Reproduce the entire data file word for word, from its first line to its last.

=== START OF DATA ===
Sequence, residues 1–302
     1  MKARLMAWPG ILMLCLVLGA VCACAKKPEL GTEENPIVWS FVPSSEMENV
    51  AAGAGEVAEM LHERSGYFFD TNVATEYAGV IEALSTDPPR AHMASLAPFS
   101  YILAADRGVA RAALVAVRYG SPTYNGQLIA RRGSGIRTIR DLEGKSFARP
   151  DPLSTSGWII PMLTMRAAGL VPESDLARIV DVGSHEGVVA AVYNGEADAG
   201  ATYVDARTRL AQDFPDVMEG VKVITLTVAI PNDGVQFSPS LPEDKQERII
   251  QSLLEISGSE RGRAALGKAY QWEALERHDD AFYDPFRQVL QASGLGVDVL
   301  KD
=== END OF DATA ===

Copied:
Sequence, residues 1–302
     1  MKARLMAWPG ILMLCLVLGA VCACAKKPEL GTEENPIVWS FVPSSEMENV
    51  AAGAGEVAEM LHERSGYFFD TNVATEYAGV IEALSTDPPR AHMASLAPFS
   101  YILAADRGVA RAALVAVRYG SPTYNGQLIA RRGSGIRTIR DLEGKSFARP
   151  DPLSTSGWII PMLTMRAAGL VPESDLARIV DVGSHEGVVA AVYNGEADAG
   201  ATYVDARTRL AQDFPDVMEG VKVITLTVAI PNDGVQFSPS LPEDKQERII
   251  QSLLEISGSE RGRAALGKAY QWEALERHDD AFYDPFRQVL QASGLGVDVL
   301  KD